Vintage CG.
January 11, 2010 7:54 AM   Subscribe

So, it's 1987 and you want to make some rad CG? If only you could travel 23 years into the future and watch Vintage CG's You Tube Channel for some inspiration.

You might wonder why some people thought Golden tigers jumping over fire pits would make for a good cigarette ad in Malaysia, or just wonder what the hell is going on here. Maybe you'd even consider taking a look at what's going on at the Starving Computer Artists Mart.

For the more technical minded of you, you may be asking what will the computers of the future will be like? You may also have questions about the state of the art (in 1982) Xerox Star interface.
posted by sp160n (17 comments total) 24 users marked this as a favorite
From the YouTube description in the first link:

Music is by Mark Mothersbaugh (of DEVO), who later admitted to embedding a subliminal message: "Sugar is bad for you."
posted by abc123xyzinfinity at 8:06 AM on January 11, 2010 [1 favorite]

In 1986 I had the chance to play on the Quantel Paintbox at a TV station -- now that was serious CGI. I remember with one keystroke grabbing a commercial frame directly from the on-air feed and then painting mustaches on the people. I remember the guys there also had cool magazines dedicated to CGI... one had a detailed layout about how CGI people did the Dire Straits "Money For Nothing" video. I wish I had saved my copies of the magazines but one looks around I bet you can find copies on eBay.

Now if you want to get into serious old school, there's Scanimate, an analog broadcast CGI system built around 1968-69. You've seen quite a bit of it on The Electric Company.
posted by crapmatic at 8:14 AM on January 11, 2010

Heh, things have improved quite a lot.

For some context: This was the time when the Amiga was starting to hit its stride. One of the early demos, which was absolutely mindblowing to people used to Apple IIs and IBM PCs with 64K and monochrome Hercules graphics cards, was this:

The Amiga Boing Ball

With modern eyes, of course, Boing looks completely stupid, but calling it the demo that sold a million computers probably is an under-estimate. Some games were already more impressive, but they were all in 2D, and the faux-3D of Boing was visually much more striking to many people. Later programmers, of course, would drive that hardware far, far further, but in 1987, Boing was the happening demo.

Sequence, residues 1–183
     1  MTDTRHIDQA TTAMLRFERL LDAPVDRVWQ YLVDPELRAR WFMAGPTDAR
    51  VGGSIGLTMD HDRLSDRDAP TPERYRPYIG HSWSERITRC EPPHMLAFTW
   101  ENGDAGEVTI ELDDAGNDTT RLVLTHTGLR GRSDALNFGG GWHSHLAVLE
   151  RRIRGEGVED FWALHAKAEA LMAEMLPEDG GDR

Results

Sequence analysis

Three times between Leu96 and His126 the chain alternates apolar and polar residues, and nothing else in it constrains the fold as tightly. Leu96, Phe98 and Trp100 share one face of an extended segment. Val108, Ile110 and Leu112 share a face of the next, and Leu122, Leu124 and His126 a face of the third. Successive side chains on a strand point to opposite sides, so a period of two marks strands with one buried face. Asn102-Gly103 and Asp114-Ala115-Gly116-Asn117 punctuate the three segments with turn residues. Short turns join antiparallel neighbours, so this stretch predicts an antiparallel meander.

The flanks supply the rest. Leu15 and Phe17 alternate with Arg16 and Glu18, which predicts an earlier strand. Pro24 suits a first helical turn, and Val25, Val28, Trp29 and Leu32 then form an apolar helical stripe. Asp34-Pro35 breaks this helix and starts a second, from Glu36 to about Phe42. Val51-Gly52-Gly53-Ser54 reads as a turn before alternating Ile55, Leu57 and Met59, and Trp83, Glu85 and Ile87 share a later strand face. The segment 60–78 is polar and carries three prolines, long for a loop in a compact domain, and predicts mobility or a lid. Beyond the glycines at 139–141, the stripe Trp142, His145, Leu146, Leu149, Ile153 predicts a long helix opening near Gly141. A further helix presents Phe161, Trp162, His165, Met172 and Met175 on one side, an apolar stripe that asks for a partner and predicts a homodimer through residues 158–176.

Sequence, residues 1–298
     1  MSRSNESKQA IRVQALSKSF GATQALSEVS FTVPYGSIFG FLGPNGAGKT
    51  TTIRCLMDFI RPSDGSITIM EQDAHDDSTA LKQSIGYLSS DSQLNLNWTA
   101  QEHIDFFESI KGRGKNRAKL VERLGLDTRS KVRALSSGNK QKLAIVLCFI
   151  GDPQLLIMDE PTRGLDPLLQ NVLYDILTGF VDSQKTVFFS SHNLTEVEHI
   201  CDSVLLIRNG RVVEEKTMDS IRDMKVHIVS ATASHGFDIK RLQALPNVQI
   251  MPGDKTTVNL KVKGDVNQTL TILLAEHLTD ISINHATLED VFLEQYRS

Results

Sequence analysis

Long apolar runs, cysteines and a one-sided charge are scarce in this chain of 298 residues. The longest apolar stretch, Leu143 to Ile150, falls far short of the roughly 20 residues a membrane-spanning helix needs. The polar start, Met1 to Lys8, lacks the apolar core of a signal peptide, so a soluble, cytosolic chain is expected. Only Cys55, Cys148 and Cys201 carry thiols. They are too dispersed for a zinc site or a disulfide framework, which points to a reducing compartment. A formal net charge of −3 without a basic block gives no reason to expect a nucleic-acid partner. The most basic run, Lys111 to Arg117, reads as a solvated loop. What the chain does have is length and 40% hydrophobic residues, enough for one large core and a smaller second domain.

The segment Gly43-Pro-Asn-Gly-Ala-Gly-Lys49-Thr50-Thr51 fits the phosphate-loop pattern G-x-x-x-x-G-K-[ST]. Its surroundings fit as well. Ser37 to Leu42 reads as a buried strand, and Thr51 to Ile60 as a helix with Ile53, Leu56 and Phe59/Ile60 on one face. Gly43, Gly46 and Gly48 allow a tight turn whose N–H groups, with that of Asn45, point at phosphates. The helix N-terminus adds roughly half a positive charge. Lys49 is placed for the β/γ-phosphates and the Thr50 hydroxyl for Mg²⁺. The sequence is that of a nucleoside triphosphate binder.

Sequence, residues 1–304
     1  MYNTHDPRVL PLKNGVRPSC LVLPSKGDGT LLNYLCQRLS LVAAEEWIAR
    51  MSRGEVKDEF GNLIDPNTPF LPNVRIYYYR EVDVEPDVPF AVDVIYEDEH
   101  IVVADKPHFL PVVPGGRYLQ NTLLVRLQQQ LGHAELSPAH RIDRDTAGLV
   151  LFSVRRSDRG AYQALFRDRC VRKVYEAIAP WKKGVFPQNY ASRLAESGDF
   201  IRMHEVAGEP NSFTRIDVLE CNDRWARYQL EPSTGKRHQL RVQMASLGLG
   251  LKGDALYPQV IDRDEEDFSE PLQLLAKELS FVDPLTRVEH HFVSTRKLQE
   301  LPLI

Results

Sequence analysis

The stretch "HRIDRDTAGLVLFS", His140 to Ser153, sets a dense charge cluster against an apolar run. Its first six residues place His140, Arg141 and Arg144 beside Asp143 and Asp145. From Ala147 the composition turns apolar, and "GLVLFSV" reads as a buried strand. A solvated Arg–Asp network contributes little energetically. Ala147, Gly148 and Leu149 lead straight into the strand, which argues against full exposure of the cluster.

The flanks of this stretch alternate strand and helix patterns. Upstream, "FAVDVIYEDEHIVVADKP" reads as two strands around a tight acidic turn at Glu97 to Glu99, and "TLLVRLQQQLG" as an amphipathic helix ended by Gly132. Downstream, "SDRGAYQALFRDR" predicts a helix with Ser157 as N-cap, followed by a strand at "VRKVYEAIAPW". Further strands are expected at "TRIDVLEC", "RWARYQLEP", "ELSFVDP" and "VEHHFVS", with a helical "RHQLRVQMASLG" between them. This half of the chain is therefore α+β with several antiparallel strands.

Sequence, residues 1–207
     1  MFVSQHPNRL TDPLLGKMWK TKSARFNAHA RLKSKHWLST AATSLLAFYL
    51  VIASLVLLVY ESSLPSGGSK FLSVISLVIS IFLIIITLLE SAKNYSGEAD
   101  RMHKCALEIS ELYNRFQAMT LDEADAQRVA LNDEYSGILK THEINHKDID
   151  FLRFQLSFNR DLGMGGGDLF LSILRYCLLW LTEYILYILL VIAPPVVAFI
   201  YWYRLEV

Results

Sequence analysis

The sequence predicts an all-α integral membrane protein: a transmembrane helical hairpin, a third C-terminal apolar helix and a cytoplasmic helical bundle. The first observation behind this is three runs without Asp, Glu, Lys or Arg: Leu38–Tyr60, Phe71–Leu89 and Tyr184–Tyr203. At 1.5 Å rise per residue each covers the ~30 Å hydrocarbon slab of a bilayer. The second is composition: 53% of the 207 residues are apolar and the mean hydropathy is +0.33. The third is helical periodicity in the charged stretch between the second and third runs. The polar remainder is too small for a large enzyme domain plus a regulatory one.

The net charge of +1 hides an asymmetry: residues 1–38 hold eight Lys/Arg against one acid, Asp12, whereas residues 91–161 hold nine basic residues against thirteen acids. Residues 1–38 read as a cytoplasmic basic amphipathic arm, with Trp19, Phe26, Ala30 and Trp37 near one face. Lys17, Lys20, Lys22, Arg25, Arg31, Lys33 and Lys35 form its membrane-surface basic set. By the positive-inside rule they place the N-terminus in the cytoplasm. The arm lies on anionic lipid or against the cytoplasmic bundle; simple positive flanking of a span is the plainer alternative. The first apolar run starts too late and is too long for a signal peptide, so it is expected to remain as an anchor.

When you watch these primitive CG animations, keep that in mind as a comparison point.
posted by Malor at 8:30 AM on January 11, 2010 [1 favorite]

A couple years later (starting in 1990), Toaster (video editor) was a component card to install in an Amiga 2000 with the ability to generate spectacular transitions, render 3D, and overlay text. We had an old system in my high school video lab in 1995-6, and though our system was dated, it was fun to use.
posted by filthy light thief at 8:56 AM on January 11, 2010

My eyes originally transposed the date at the top to 1897, which made the subject sound really intriguing in a Georges Melies/steampunk/Difference Engine sort of way. The actual post is still fine and intriguing. Carry on.
posted by mosk at 9:02 AM on January 11, 2010

in 1987, Boing was the happening demo.

I think the Juggler demo was quite a bit cooler, and that was released in January 1986.
posted by martinrebas at 9:10 AM on January 11, 2010 [1 favorite]

Oh Commodore, how much you threw away.
posted by mecran01 at 9:11 AM on January 11, 2010 [1 favorite]

I wanted to be a cg artist after seeing Tron as a kid. I was told that neither I, nor any university within my reach, would ever be able to afford the computing power necessary to achieve such a goal and would I like to be an electrical engineer instead?

I was born 15 years too early. Fuck you, time.

Awesome post
posted by WolfDaddy at 9:34 AM on January 11, 2010 [2 favorites]

I haven't seen Poly Gone in about two decades. I love everything about that video.
posted by phooky at 9:41 AM on January 11, 2010

This early CGI and those Amiga demos still look fresh to me. Computer graphics are more realistic now, but that early stuff was blazing trails.
posted by scrowdid at 9:53 AM on January 11, 2010

Brings me back. I remember starting out doing animation on the old Wavefront system back in about '88. Everything was command line. Back then the future was all about SGI.
posted by misterpatrick at 9:53 AM on January 11, 2010

I miss the checkerboards extending to the horizon in every direction.
posted by blue_beetle at 10:32 AM on January 11, 2010

What about the "demoscene" of the '90s? Anyone remember that?
posted by PsychoTherapist at 10:33 AM on January 11, 2010 [2 favorites]

Mmmm... ray tracing. Specular reflection. I remember working on an Onyx in '93 and it did texture mapping fast enough to animate it in real-time. Too bad I didn't have any decent textures. To quote my graphics TA: "Is that fur on the roof?"
posted by GuyZero at 10:41 AM on January 11, 2010

In the late 80's early 90's I wasted a lot of time playing around in Sculpt 3d, Caligari, and Deluxe Paint. A couple of my Amigas still work but now I only use them to play MechForce.
posted by Tenuki at 11:14 AM on January 11, 2010

My plan is now to download a bunch of these, burn them to DVD, and sell them on the street as bootleg copies of Avatar. Ha, HA!
posted by fungible at 11:44 AM on January 11, 2010 [1 favorite]

The Starving Computer Artists Market one was pretty durn funny I tells ya what.
posted by Spatch at 12:59 AM on January 12, 2010

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